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  • Newsletter #417 Preview: Is This Really the End of the PC Era?

    November 25th, 2007

    I often think that some tech pundits have nothing better to do than create fake issues for headlines and hit counts. In recent weeks, I’ve mentioned a few of the more offensive theories, but I think one that is truly bizarre is the claim that we are at the tail end of the PC era, and that full-sized desktop and note-book computers will soon join the dinosaurs in the alternate reality of the obsolete.

    Sure, this may strike some as a logical possibility, what with so-called smartphones gaining additional computing features, and the fast take-off of the iPhone. But does it really seem reasonable to you that it’ll be possible, some day, to retire “real” computers and survive strictly on a handheld device?

    I suppose if you’re engaged solely in the business of building wireless phones, that’s a future to lust after. But is this a future that the rest of you would accept, or is it just a pipedream on the part of a few companies that are hoping to reach the end of the rainbow and find their pot of gold and wealth?

    To be sure, such gadgets as the iPhone can perform a lot of the tasks that we used to do on our Macs and PCs. With a reasonable amount of flexibility, for example, you can browse the Internet and send and receive email. In fact, a growing number of the messages I receive have telltale lines appended to them that identify a BlackBerry or an iPhone as the source.

    Story continued in this week’s Tech Night Owl Newsletter.



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    4 Responses to “Newsletter #417 Preview: Is This Really the End of the PC Era?”

    1. shane blyth says:

      No way not yet anyway.
      I do suspect that things like the iPhone will change things so that alot of people will just own a smart cellphone and use it to surf the web and get emails. I think the thing that will keep people buying home systems is things like photos and the like. Games should evientually be more console based. So maybe a drop over time as phones get better systems.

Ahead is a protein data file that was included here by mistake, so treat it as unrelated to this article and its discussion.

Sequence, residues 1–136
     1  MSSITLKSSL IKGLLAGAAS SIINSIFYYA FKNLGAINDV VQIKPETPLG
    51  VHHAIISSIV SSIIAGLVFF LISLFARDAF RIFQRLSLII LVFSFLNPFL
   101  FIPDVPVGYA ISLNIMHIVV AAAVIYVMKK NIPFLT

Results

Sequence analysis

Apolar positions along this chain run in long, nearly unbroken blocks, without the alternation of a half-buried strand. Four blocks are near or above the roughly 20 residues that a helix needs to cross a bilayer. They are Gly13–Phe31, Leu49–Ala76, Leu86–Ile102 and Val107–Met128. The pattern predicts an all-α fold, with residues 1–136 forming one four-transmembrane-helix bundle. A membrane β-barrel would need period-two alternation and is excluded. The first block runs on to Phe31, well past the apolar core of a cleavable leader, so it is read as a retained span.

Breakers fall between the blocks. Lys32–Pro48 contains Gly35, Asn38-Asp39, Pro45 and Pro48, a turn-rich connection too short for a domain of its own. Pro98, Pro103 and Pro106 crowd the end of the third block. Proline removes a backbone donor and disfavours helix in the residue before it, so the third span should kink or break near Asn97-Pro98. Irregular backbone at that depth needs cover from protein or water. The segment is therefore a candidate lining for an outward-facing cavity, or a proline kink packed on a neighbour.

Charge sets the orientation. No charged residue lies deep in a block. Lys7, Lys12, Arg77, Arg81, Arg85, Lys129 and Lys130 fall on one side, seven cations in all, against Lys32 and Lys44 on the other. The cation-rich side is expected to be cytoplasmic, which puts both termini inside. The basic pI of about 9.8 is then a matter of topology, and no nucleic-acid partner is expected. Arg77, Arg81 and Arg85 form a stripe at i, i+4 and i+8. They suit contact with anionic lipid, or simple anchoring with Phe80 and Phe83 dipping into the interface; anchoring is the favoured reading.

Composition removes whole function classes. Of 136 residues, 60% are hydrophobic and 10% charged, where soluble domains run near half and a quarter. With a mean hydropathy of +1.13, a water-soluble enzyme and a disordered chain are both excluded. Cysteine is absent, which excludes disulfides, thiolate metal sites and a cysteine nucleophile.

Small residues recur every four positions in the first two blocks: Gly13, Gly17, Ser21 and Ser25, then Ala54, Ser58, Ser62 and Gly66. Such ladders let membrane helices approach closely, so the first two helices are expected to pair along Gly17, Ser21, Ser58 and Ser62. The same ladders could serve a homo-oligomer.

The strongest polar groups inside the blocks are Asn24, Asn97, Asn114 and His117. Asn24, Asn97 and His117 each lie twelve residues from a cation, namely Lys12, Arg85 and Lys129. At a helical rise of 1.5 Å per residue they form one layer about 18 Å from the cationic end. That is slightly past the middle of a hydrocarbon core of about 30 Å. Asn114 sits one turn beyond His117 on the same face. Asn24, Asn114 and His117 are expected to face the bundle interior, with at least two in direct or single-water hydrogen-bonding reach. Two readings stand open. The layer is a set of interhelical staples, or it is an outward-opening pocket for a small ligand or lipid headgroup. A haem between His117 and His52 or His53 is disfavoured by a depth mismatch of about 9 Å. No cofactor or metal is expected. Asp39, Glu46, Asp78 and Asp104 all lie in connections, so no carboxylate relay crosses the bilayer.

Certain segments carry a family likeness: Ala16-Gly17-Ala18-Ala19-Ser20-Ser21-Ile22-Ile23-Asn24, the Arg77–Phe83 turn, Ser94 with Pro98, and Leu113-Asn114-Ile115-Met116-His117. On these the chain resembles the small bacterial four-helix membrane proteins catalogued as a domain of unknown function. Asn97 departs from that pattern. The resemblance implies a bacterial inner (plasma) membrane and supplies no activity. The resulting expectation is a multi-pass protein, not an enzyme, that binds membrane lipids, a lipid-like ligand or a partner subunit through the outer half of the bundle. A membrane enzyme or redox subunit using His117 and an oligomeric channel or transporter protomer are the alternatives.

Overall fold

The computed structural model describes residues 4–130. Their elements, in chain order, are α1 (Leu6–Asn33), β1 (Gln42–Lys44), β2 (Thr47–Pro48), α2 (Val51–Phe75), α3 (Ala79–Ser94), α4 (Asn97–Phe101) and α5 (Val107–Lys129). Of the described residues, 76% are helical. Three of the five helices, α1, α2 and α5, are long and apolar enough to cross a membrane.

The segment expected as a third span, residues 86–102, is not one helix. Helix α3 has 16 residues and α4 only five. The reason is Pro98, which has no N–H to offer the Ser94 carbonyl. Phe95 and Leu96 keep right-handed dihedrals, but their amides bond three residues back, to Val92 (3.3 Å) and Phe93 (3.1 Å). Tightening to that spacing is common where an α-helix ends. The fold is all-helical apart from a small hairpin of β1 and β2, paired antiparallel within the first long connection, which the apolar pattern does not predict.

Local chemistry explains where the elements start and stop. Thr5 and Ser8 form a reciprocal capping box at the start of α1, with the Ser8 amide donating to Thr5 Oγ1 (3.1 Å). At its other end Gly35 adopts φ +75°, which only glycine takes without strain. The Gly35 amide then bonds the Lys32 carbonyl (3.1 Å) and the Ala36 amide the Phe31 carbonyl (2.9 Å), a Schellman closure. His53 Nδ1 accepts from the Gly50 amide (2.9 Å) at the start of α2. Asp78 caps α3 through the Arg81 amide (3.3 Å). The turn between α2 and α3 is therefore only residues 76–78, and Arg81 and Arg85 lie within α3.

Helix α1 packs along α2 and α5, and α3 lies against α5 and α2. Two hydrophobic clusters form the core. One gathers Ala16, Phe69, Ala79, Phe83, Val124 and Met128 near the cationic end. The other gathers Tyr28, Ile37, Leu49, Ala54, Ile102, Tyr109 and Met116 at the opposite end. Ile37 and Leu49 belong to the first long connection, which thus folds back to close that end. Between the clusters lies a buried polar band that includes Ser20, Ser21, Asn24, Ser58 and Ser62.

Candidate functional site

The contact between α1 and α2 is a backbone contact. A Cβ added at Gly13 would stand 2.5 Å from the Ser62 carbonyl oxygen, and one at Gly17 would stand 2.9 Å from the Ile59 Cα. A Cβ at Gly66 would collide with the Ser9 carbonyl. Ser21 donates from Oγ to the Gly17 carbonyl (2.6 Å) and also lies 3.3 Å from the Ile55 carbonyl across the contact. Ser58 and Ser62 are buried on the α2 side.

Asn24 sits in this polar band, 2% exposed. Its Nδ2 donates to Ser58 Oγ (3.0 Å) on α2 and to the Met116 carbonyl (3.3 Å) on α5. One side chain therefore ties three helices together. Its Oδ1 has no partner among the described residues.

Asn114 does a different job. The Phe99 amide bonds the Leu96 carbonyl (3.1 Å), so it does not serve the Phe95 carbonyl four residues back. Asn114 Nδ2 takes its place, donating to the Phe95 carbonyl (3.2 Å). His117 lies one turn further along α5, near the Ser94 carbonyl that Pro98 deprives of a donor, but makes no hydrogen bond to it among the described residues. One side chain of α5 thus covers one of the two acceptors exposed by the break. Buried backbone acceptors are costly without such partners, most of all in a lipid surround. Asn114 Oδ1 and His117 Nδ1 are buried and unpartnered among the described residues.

No one is ever going to do photo editing or write letters on a phone though

    2. No way not yet anyway.
      I do suspect that things like the iPhone will change things so that alot of people will just own a smart cellphone and use it to surf the web and get emails. I think the thing that will keep people buying home systems is things like photos and the like. Games should eventually be more console based. So maybe a drop over time as phones get better systems.
      No one is ever going to do photo editing or write letters on a phone though

      Letters? Absolutely. I get them all the time these days from various smartphone devices. In fact, I got an email just this weekend from my friend, Steve “Mr. Gadget” Kruschen about his next appearance on the tech show. He was using an iPhone.

      Peace,
      Gene

    3. Andy Carolan (Frootloop) says:

      Well, as I sit here and contemplate a day of carrying out illustration work (after the mandatory coffee break of course), I cant imagine doing said work on a tiny screen that is more suited to the odd email and on-the-move surfing. There are just some things that are still very impractical on such a small device and I still see them as a compromise between lugging a (relatively) large laptop around and being forced to wait until returning to the office/home to carry out some tasks. The only way these devices will become more practical for me is if the screens were larger. This may not be a pipe dream as there has been progress on flexible screens by http://www.polymervision.com (a spin off from Philips). Such technology could make portable devices practical at last.

    4. Darel Jenkins says:

      Comments about screen size and input devices accepted as valid, I’d like to translate this discussion back about 40 years:

      “Do you really think that a device (cynically avoiding the term “computer”) that can actually fit on the top of a desk can possibly take the place of our wonderful computer that fills the entire block long basement? No way.”

      Comments like that were made by many of the most forward looking people.

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